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Sirens to signal return to normalcy

WASHINGTON -- A routine test will be anything but next week.
WASHINGTON -- A routine test will be anything but next week. As Ryan Piers reports for WCIA-3, the city is preparing for its first siren test since the November 17th tornado.

Washington is ready to take the next step in rebuilding hope.

"We just want to make sure that we get the word out that we will be sounding the alarms next Tuesday for the first time since November 17th."

It may seem small, but being able to hear the three-minute sirens is an important part of the recovery process.

"The last thing we want to do is make these individuals victims a second time, but at the same point, we need to get back to whatever is normal."

Which is why Washington schools will make it a point to inform their students about the test ahead of time.

"We will start talking to the kids about the sirens and what is going to take place this week. But, we will make an announcement that morning."

The sirens underwent silent tests the past three months. Testing is necessary because working sirens play a big role in preventing casualties during a disaster.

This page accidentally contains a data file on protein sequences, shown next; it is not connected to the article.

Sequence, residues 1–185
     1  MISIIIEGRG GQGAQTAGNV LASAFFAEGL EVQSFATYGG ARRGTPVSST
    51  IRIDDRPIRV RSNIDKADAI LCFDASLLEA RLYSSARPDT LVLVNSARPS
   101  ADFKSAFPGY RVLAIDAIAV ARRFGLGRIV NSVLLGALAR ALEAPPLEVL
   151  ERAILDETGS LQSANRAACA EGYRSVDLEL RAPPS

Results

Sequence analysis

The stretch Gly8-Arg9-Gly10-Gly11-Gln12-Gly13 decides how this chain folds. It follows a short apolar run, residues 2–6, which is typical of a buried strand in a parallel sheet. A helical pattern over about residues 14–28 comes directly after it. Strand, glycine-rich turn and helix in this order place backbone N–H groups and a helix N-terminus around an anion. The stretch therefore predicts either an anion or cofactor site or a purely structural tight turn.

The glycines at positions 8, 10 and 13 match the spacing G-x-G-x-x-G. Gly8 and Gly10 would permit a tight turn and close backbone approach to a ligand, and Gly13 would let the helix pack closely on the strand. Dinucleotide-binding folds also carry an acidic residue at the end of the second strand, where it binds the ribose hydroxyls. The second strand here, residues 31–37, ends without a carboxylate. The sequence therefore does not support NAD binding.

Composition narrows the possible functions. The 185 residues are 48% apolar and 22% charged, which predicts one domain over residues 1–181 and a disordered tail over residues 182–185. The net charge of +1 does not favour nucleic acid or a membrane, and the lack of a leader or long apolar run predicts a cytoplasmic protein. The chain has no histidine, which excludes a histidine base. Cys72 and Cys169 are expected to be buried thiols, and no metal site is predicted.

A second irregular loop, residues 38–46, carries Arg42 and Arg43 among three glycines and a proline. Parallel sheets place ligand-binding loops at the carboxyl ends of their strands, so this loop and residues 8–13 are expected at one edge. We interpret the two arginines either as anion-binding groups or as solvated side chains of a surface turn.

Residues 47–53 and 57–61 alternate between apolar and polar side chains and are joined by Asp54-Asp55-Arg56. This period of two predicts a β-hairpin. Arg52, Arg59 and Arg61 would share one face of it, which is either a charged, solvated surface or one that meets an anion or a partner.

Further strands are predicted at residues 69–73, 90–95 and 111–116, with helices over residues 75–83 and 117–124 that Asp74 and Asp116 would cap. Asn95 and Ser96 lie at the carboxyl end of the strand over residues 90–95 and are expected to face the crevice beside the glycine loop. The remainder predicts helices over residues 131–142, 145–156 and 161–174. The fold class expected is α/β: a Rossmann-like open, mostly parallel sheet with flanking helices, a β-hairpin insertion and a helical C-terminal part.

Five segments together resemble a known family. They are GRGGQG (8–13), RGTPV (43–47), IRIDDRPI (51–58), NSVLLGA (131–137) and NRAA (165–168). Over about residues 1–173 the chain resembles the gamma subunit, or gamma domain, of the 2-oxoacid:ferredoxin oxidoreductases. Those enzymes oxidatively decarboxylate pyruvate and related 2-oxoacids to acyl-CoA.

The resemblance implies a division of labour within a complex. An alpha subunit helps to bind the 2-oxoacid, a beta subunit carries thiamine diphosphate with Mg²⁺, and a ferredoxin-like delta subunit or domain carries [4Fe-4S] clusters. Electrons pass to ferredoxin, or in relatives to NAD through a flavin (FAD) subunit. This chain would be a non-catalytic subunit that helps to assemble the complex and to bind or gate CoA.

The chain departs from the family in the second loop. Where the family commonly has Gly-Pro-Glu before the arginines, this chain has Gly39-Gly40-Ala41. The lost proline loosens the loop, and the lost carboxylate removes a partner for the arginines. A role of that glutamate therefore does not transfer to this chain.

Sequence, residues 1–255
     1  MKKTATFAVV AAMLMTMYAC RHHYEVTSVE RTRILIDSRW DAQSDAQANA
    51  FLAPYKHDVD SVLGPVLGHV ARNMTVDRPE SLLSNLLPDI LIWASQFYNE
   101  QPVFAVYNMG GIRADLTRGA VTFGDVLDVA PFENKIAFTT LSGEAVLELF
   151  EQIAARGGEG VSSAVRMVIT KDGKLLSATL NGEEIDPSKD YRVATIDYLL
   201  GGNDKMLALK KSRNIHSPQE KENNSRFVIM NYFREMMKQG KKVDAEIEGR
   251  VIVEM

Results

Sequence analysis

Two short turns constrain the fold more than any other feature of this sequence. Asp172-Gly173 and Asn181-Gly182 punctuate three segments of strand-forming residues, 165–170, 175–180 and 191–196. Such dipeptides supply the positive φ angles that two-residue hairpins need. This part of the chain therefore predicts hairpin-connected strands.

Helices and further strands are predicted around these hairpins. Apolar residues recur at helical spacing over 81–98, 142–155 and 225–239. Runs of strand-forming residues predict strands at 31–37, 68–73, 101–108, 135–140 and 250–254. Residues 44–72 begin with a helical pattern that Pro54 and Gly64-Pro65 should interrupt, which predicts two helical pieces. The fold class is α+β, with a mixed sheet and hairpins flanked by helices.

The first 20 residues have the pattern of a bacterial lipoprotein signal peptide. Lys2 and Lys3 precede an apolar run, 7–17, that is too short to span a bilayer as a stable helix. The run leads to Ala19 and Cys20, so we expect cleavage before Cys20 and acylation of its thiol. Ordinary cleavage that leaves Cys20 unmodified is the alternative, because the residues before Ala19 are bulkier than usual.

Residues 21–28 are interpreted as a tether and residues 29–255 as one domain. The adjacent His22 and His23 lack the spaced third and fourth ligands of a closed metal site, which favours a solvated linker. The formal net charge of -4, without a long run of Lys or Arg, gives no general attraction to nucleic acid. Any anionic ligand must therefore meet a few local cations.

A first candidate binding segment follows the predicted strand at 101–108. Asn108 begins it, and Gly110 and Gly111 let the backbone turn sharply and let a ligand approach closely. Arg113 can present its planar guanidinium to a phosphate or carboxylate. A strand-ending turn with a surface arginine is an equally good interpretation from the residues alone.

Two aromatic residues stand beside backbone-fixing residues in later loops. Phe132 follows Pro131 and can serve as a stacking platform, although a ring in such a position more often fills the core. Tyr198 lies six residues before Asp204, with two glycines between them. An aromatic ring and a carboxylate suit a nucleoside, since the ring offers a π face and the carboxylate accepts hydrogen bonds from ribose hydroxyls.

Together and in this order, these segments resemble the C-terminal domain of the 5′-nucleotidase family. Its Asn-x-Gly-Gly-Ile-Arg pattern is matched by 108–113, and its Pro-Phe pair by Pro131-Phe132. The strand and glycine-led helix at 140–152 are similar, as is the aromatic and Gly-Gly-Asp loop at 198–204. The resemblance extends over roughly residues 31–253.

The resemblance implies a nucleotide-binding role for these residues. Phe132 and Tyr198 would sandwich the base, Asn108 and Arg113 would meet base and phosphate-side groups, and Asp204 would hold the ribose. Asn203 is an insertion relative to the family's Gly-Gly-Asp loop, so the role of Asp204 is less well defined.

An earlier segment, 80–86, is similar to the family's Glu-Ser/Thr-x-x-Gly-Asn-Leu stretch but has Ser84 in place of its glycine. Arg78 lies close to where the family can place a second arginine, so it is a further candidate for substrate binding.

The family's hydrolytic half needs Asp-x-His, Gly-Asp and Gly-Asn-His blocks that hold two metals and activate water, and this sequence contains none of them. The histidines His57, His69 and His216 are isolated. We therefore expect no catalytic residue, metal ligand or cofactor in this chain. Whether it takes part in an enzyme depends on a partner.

"I am a firm believer that the notifications from the smartphones, the TV notifications and the sirens all played a major impact in the fact that we had very few fatalities."

Resuming audible siren testing is important as March marks the beginning of the major storm season. Being able to conduct a sirens' test also means Washington is one step closer to normalcy.

"Bottom line is the sirens are there to protect and this is part of moving back to the normal routine."

All ten of the alarms in the Washington area will sound at 10 am, Tuesday.
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